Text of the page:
|Report: Art Education Programs on the Decline|
|posted by: Alix | April 03, 2012, 09:41 PM|
There isn't a school district in the country that hasn't been affected by the recession and difficult budget decisions. For years, national media coverage has highlighted teacher lay-offs and program cuts in almost every part of the country. While states and districts come to terms with a new financial climate, a new Department of Education survey reports arts education is suffering the most under today's budgets, particularly in high-need communities.
At a school in Washington, D.C. on Monday, Secretary of Education Arne Duncan said that overall the survey reports mixed results. Among the positive findings, in many districts there has not been a dramatic narrowing of arts curriculum. Music and visual arts classes are still widely offered nationwide and there hasn't been a decline in dance or drama offerings at the middle and high school level, despite conflicting reports.
While the findings are neutral for suburban districts, urban district programs are on the decline. The report finds that music and arts classes are still out of reach for many in high-need, high-poverty, and urban school districts. Duncan claimed, "It is deeply troubling that all students do not have access to arts education today." In 1999, 100% of school districts with a majority of "free or reduced lunch" students had music programs. Today, the figure stands at just 81%.
Among programs outside of music and art, far fewer public elementary schools are offering visual arts, dance and drama classes than a decade ago. The drop was most prominent in drama, from 20% of schools offering drama in 1999 to just 4% in 2009.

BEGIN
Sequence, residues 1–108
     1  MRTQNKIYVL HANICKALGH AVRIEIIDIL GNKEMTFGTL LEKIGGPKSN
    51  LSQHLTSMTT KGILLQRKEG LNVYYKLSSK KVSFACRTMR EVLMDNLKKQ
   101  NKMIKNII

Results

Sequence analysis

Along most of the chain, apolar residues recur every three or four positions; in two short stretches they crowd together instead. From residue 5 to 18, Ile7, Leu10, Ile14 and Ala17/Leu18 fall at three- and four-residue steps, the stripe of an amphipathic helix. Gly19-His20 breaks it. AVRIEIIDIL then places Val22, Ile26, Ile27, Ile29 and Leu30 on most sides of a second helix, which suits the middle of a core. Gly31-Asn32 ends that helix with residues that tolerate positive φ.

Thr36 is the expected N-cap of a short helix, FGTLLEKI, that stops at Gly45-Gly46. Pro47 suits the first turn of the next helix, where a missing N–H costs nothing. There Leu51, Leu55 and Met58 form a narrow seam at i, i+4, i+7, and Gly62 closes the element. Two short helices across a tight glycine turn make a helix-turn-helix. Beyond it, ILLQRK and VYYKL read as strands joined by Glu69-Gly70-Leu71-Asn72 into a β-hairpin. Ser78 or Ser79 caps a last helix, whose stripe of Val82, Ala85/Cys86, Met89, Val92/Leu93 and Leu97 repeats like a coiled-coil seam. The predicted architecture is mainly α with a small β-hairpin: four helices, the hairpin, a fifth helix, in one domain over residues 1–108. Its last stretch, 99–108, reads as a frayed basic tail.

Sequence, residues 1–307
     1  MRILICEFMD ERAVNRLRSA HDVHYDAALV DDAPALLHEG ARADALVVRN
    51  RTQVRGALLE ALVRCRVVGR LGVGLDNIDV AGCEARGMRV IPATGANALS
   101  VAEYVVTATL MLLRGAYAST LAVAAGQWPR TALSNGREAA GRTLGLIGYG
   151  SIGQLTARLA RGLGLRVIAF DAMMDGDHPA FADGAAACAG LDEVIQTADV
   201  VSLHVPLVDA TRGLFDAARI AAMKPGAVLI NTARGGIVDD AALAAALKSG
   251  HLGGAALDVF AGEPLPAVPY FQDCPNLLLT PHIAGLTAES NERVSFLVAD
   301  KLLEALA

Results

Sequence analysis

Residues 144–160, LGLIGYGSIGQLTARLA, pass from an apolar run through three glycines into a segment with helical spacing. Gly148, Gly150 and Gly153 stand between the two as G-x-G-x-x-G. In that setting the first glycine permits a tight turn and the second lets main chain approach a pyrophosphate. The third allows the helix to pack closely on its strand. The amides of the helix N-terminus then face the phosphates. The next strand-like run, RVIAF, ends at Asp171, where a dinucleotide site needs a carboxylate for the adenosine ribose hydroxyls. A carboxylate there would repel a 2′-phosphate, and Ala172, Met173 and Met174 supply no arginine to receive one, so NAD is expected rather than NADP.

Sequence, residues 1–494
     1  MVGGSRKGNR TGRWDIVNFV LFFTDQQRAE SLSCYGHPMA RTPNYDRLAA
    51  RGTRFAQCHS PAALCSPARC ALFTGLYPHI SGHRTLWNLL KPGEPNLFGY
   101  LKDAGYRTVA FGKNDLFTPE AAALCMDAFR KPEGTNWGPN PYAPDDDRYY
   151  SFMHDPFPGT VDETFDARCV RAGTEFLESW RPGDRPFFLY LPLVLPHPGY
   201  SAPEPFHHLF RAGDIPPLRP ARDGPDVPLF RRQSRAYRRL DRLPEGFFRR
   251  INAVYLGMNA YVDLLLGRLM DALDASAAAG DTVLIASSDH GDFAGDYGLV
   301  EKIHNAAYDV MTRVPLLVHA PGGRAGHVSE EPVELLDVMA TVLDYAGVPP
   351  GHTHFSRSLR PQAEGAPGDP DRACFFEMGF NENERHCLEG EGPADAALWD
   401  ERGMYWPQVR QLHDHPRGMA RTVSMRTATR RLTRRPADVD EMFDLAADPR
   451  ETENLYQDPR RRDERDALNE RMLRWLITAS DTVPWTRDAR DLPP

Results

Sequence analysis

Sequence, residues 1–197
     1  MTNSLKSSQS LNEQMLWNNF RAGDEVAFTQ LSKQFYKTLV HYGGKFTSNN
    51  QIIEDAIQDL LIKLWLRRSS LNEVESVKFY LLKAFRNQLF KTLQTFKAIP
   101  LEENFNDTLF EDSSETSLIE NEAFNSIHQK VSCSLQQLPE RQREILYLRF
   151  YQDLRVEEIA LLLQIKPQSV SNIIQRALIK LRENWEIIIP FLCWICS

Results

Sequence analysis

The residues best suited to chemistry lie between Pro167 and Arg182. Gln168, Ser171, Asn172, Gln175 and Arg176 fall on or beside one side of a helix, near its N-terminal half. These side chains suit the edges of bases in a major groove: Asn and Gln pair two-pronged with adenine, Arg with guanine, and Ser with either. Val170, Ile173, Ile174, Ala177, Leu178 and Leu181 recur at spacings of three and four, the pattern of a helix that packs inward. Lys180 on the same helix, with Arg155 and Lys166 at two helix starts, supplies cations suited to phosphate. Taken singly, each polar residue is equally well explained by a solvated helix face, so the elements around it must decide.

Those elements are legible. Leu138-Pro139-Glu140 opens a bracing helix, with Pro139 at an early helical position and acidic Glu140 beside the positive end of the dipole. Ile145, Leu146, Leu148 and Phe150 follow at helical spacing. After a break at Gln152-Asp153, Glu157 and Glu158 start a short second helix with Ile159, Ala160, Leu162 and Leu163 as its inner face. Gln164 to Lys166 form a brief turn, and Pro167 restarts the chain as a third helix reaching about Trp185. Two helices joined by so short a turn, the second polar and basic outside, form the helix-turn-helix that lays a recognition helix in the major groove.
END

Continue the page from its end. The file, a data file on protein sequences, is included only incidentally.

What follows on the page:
Although the survey is effective in outlining a picture of existing programs nationwide, most districts claim that while many of these programs still exist, most have been cut back either in time or staffing. One music teacher in Broward County, Florida, Anthony Tabacco knows the realities first hand. He now teaches music part-time at the school where he used to be a full-time employee. With his role scaled back, he spends less time with students in class and holiday and spring concerts have been canceled.
Obviously in examining this survey, the most troubling data shows an "equity gap" between the availability of arts instruction as well as the depth of course offerings for students in various areas. The Department of Education claims to be tackling this equity gap through their targeted waiver plan that would allow states greater budget flexibility.
Has your school or district cut back on arts education?